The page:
Protesters in Sudan have defied a military crackdown and internet blackout, which has hindered their ability to organise, by gathering in cities across Sudan on Tuesday night.
Speakers from the Sudanese Professionals Association (SPA), who since December had spearheaded protest by relying on the internet, reportedly toured neighbourhoods of the capital Khartoum, speaking to circles of protesters gathered around them.
Khartoum residents told Middle East Eye the city has been downbeat since Sudanese forces dispersed a mass sit-in just over two weeks ago, killing at least 128 according to doctors, but that there was increasing protest activity during the nights.
The internet has been almost entirely cut by the military council for more than two weeks, hindering the organising of protest activity, which has now fallen to localised "resistance committees" who rally their neighbours and hand out printed notices to replace digital communication.
Neighbourhoods in the capital and towns around the country each saw hundreds of protesters on the streets, chanting for civilian government and in defiance of the ruling military council.
"Our triumphant revolution is reconstructing across Sudan; in cities, villages and the countryside, renewing the covenant with our beloved brothers and sisters who despite their deaths live with us forever," the SPA said in a statement on Tuesday.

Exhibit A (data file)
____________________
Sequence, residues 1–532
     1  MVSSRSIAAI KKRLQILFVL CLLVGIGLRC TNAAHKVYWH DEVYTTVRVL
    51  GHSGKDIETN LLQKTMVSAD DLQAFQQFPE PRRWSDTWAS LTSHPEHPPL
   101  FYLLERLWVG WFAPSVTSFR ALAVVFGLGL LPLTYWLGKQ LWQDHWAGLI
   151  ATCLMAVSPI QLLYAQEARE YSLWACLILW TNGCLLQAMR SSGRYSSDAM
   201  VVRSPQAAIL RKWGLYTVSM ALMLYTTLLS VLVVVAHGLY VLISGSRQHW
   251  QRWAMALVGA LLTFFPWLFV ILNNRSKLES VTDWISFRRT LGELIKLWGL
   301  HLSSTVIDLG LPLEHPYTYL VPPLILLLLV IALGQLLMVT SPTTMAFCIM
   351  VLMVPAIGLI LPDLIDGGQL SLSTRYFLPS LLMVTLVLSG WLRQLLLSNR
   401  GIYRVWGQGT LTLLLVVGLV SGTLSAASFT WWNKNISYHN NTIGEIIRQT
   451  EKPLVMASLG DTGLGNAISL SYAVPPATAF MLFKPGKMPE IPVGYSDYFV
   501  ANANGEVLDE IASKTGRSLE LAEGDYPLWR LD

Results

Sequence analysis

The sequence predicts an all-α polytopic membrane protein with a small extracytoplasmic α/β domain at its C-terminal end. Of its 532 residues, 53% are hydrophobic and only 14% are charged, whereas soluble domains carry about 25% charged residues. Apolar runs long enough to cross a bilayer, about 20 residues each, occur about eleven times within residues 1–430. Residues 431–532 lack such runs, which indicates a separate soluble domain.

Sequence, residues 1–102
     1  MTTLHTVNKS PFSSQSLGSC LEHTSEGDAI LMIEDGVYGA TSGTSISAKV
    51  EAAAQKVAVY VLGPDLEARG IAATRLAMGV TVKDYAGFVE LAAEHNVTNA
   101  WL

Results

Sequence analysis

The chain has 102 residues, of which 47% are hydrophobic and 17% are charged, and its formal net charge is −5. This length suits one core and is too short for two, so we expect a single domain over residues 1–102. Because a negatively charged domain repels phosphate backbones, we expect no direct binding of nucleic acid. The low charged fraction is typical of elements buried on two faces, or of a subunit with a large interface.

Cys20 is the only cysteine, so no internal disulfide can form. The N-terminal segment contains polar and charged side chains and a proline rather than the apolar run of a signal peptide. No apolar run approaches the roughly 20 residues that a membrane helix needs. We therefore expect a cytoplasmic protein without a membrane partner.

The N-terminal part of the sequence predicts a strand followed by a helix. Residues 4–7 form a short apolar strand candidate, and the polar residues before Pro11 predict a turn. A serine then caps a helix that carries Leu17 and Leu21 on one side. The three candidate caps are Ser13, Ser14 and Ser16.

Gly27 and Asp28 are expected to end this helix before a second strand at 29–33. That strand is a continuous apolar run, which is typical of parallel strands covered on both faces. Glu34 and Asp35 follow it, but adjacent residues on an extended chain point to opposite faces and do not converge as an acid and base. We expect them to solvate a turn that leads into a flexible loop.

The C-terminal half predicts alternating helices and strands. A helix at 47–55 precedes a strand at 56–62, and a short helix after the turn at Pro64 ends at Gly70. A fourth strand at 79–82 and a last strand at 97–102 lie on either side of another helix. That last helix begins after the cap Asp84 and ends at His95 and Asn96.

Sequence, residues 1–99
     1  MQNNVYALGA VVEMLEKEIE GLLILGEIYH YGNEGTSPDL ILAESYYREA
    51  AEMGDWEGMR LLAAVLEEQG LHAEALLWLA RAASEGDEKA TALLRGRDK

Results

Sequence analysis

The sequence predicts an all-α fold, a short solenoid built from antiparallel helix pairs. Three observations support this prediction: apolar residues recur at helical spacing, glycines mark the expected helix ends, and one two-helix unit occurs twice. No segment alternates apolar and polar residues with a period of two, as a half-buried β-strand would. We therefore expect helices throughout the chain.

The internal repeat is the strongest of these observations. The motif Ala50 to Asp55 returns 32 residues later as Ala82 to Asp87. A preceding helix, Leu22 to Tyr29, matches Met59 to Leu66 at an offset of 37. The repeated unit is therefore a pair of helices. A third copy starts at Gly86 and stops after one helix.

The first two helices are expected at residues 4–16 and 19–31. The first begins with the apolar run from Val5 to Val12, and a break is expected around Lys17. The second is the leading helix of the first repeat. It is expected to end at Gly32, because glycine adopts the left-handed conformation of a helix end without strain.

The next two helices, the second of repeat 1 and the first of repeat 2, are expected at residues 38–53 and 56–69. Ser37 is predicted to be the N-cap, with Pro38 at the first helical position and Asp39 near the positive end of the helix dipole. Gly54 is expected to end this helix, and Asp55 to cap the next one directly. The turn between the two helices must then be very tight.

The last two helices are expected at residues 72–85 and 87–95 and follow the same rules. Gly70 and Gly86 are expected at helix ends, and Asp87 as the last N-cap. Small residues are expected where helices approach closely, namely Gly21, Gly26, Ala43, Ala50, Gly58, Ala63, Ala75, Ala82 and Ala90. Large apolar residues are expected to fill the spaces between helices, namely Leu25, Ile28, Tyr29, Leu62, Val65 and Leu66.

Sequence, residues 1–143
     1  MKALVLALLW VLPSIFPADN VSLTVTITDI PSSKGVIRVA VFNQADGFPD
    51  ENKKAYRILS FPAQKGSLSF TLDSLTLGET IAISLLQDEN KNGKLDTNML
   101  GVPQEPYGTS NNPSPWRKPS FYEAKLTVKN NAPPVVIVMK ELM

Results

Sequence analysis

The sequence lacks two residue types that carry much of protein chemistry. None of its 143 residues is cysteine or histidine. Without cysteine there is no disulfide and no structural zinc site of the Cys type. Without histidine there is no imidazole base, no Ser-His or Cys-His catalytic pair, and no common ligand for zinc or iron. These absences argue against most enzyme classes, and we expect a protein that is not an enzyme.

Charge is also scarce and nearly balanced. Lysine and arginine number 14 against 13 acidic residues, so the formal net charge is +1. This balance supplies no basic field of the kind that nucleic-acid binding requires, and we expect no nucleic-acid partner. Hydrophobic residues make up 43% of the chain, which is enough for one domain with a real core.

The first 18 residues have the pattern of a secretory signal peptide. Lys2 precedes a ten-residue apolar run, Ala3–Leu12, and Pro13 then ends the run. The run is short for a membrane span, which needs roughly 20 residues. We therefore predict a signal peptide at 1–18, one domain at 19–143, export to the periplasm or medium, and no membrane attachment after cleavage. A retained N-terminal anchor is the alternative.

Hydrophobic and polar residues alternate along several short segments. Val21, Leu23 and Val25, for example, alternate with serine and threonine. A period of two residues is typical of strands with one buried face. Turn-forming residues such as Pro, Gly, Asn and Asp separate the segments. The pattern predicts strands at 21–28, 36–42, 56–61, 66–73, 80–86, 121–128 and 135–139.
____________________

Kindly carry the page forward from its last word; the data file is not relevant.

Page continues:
"The Sudan we all want and for which they have sacrificed their lives shall become a reality, a respectable sovereign nation."
"Peacefully, peacefully, against the gun fire," protesters shout in the Khartoum neighbourhood of al-Sahafa
The SPA had called for Tuesday night's protests earlier in the week when it released a schedule of protest activity aimed at galvanising a movement that had been relatively muted since the Khartoum sit-in, and similar sit-ins around Sudan, were suppressed on 3 June.
The government's Rapid Support Forces (RSF) paramilitary, accused by protesters of leading the killings at the sit-in, spread throughout Khartoum following the dispersal, and activists claimed they were responsible for widespread abuses, beatings and the arrests of passers-by.
The SPA said in a press conference on Monday that it had documented at least 12 cases of women being raped by Sudanese forces.
The RSF's leader Mohammed Hamdan Dagolo, known as Hemeti, is the deputy head of the ruling military council that ousted three-decade ruler Omar al-Bashir on 11 April after months of protests.
But the sit-in outside Sudan's military headquarters, that had increased pressure on Bashir in the days before his ousting, remained in place until 3 June, demanding the military council give way to civilian government.
The opposition coalition, which includes the SPA, ended negotiations with the military for a transitional joint civilian and military authority after the sit-in's dispersal, but has accepted mediation efforts by Ethiopian Prime Minister Abiy Ahmed.
The SPA's protest schedule, reminiscent of the way it organised neighbourhood-focused protests before the mass sit-in began on 6 April, called for community meetings to discuss the political situation on Wednesday, followed by more protests in the evening and for mass marches on Thursday.